After the Miranda decision, the nation's police departments were required to inform arrested persons or suspects of
their rights under the ruling. Such information is called a Miranda warning.
Miranda was retried after the original case against him was thrown out, and this time the prosecution, instead of using
the confession, called witnesses, including Twila Hoffman, a woman with whom Miranda was living at the time of the
offense, who testified that he had told her of committing the crime, and introduced other evidence.[6]Miranda was
convicted in 1967 and sentenced to serve 20 to 30 years. The Supreme Court of Arizona affirmed,[7] and the United
States Supreme Court denied review.[8] Miranda was paroled in 1972. After his release, he returned to his old
neighborhood and made a modest living autographing police officers' "Miranda cards" which contained the text of the
warning, for reading to arrestees. He was stabbed to death during an argument in a bar on January 31, 1976.[9] A
suspect was arrested, but he, unlike Miranda, exercised his right to remain silent. With no evidence against him, he was
released.[10]
Another three defendants whose cases had been tied in with Miranda'san armed robber, a stick-up man, and a bank
robbereither made plea bargains to lesser charges or were found guilty again despite the exclusion of their
confessions.[11]
Since it is usually required that the suspects be asked if they understand their rights, courts have also ruled that any
subsequent waiver of Miranda rights must be knowing, intelligent, and voluntary. Many American police departments
have pre-printed Miranda waiver forms which a suspect must sign and date (after hearing and reading the warnings
again) if an interrogation is to occur.[citation needed]
A number of empirical studies by both supporters and opponents of Miranda have concluded that the giving of Miranda
warnings has little effect on whether a suspect agrees to speak to the police without an attorney. However, Miranda's
opponents, notably law professor Paul Cassell, argued that letting go 3 or 4% of criminal suspects (who would be
prosecuted otherwise but for defective Miranda warnings, or acting on defective waivers by defendants) is still too high
a price to pay.[citation needed]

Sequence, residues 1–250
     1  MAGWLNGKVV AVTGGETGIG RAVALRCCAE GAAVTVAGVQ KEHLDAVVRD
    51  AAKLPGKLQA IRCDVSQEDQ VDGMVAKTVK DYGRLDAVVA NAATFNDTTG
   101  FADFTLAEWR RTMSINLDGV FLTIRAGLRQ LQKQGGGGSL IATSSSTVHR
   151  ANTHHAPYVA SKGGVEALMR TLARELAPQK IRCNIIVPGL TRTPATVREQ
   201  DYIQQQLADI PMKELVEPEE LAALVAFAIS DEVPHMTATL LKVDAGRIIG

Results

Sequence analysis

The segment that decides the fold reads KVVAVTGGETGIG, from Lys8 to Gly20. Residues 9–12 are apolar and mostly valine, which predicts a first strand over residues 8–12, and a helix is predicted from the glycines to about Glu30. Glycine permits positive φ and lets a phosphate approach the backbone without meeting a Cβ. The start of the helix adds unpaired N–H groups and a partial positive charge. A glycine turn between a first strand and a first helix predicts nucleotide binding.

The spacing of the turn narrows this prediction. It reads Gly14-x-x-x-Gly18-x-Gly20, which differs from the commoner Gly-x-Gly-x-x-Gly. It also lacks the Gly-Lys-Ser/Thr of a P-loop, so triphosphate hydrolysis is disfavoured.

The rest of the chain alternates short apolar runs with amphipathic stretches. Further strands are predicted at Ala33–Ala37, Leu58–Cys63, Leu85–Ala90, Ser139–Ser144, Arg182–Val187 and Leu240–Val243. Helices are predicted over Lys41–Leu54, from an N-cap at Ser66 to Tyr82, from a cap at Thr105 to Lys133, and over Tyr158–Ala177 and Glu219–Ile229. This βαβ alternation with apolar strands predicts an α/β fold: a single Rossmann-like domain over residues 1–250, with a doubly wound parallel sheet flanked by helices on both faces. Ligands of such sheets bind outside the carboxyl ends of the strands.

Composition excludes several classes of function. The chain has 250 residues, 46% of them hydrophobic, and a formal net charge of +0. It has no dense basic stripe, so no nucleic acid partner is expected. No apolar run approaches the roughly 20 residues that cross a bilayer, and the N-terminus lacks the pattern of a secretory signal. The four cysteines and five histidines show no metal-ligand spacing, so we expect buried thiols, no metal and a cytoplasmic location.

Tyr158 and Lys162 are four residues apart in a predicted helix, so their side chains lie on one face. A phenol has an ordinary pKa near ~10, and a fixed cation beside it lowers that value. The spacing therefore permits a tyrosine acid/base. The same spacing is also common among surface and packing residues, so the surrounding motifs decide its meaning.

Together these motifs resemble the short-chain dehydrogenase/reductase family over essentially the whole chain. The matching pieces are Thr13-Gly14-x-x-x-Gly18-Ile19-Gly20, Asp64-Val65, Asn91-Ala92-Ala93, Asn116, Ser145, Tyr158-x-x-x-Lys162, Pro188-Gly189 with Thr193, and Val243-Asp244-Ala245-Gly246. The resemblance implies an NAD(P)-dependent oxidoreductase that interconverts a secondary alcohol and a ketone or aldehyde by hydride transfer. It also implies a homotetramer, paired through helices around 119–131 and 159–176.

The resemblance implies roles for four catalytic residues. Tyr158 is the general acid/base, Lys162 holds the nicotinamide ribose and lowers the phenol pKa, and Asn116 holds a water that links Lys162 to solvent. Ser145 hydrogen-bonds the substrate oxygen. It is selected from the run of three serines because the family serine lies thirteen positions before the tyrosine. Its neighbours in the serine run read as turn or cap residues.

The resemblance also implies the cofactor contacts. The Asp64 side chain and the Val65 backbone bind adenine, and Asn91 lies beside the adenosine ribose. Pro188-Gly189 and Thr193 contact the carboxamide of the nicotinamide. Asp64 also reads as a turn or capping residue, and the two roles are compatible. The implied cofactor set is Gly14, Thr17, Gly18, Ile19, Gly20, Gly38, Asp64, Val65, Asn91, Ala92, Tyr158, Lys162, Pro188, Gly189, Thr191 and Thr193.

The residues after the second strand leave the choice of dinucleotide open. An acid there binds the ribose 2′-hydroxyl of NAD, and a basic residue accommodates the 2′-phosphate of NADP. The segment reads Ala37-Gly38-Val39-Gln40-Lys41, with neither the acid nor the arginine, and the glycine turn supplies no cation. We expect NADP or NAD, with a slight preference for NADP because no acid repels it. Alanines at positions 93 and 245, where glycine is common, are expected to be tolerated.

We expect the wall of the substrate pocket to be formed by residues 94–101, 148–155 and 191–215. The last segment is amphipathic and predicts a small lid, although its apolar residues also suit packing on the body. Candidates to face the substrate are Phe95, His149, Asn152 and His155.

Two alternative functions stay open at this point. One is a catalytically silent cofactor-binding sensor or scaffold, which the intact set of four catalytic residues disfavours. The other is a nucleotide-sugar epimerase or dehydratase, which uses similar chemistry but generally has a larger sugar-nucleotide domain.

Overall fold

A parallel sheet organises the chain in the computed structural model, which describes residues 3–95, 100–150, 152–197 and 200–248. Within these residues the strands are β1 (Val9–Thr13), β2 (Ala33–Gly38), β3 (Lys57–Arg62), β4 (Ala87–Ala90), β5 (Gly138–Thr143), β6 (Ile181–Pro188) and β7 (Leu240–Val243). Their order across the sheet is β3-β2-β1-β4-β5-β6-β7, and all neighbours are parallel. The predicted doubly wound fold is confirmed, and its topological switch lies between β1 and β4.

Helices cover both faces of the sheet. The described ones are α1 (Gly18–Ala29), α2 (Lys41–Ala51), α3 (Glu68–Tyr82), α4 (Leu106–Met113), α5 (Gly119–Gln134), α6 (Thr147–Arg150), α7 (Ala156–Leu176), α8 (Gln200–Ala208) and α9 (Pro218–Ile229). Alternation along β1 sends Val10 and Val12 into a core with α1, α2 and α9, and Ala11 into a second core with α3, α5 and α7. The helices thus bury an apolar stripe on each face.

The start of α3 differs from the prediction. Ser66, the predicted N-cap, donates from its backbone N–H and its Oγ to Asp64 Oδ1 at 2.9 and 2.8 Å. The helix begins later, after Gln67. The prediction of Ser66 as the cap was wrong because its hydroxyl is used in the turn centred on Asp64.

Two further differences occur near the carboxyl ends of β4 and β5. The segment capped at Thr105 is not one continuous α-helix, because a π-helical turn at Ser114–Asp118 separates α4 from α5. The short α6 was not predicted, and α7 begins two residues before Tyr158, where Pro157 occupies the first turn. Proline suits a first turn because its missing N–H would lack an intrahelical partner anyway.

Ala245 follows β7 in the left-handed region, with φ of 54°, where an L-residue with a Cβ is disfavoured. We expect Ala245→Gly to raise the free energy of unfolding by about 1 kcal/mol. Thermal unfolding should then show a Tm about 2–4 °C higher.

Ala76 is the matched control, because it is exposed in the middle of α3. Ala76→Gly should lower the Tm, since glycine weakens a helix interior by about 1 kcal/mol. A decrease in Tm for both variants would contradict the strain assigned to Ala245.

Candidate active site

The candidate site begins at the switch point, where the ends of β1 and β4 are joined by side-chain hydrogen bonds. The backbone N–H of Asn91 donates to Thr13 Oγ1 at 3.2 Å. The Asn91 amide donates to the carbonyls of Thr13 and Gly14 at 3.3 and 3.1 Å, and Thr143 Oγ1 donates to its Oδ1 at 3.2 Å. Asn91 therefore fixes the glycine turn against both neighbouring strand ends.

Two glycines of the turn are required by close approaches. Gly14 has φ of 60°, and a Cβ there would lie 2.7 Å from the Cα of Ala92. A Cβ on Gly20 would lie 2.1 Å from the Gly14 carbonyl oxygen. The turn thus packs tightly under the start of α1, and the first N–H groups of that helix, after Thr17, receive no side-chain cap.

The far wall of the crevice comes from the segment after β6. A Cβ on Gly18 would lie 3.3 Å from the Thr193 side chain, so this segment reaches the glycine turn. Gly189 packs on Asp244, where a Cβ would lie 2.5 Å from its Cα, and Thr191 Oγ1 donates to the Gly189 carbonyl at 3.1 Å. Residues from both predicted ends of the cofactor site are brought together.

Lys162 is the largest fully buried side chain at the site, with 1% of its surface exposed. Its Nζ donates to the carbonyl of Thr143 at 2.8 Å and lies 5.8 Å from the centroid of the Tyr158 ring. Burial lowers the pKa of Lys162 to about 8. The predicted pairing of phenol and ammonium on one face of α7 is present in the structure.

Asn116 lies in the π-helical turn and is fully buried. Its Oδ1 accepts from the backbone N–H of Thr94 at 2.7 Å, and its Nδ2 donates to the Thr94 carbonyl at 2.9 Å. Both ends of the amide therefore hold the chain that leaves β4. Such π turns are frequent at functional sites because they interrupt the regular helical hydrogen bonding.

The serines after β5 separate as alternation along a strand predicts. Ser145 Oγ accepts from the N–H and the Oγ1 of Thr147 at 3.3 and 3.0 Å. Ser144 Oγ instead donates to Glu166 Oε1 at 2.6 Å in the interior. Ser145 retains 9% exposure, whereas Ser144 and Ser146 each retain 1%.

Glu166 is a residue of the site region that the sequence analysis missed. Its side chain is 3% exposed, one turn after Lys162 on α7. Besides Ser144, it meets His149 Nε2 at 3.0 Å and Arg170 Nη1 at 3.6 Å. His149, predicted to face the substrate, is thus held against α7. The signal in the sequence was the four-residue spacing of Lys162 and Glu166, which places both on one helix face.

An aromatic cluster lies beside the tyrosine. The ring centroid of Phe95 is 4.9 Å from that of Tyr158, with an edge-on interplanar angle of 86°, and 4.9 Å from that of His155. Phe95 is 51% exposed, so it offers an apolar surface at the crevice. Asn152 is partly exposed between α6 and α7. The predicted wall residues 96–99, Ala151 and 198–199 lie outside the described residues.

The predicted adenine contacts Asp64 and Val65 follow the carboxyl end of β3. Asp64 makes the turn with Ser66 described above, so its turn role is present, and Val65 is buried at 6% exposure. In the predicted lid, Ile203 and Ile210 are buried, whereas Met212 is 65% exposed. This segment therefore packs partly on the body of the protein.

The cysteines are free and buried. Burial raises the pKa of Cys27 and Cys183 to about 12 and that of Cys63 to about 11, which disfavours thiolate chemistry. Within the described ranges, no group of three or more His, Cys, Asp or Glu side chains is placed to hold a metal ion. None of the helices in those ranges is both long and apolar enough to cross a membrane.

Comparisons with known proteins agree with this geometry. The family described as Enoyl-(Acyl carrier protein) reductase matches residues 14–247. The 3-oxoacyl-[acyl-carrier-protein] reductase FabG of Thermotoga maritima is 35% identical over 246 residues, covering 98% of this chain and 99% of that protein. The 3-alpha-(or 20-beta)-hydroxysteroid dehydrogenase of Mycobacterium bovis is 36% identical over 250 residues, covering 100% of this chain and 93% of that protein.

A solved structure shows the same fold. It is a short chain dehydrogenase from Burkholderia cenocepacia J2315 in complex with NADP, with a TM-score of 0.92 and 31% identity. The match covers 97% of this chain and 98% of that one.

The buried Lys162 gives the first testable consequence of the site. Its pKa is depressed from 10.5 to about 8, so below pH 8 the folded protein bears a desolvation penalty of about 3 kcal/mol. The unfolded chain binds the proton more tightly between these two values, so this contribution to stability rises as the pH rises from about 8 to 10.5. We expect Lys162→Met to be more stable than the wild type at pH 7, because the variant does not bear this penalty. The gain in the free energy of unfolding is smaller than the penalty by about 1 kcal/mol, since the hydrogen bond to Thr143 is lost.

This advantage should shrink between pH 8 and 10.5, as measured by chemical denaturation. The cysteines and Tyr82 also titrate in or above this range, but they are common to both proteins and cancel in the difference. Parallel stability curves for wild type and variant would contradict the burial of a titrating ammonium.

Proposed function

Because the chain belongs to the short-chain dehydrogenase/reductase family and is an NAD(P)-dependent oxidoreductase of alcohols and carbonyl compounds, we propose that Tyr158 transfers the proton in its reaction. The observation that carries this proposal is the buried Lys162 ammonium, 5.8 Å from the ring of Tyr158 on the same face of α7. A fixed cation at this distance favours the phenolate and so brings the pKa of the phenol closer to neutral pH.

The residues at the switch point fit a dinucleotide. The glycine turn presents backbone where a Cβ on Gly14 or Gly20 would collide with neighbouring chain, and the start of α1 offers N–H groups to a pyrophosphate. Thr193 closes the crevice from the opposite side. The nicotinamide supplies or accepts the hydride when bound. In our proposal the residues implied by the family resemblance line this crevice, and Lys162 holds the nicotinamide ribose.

The Miranda decision was widely criticized when it came down, as many felt it was unfair to inform suspected criminals
of their rights, as outlined in the decision.Richard Nixon and other conservatives denounced Miranda for undermining
the efficiency of the police, and argued the ruling would contribute to an increase in crime. Nixon, upon becoming
President, promised to appoint judges who would be "strict constructionists" and who would exercise judicial restraint.
Many supporters of law enforcement were angered by the decision's negative view of police officers. The federal
Omnibus Crime Control and Safe Streets Act of 1968 purported to overruleMiranda for federal criminal cases and
restore the "totality of the circumstances" test that had prevailed previous to Miranda.[12]
The validity of this provision of the law, which is still codified at 18 U.S.C. 3501, was not ruled on for another 30 years
because the Justice Department never attempted to rely on it to support the introduction of a confession into evidence
at any criminal trial. Miranda was undermined by several subsequent decisions which seemed to grant several

exceptions to the "Miranda warnings", undermining its claim to be a necessary corollary of the Fifth Amendment.[citation
needed]
The exceptions and developments that occurred over the years included:

The Court found in Colorado v. Connelly, 479 U.S. 157 (1986), that the words "knowing,
intelligent, and voluntary" mean only that suspects reasonably appears to understand what they are doing,
and is not being coerced into signing the waiver; the Court ruled in that it is irrelevant whether the suspect
may actually have been insane at the time.[citation needed]

The Court found in Harris v. New York, 401 U.S. 222 (1971), that a confession obtained in
violation of the Miranda standards may nonetheless be used for purposes of impeaching the defendant's
testimony: that is, if the defendant takes the stand at trial and the prosecution wishes to introduce the
defendant's confession as a prior inconsistent statement to attack the defendant's credibility, the Miranda
holding will not prohibit this.

The Court found in Rhode Island v. Innis, 446 U.S. 291 (1980), that a "spontaneous" statement
made by a defendant while in custody, even though the defendant has not been given the Miranda warnings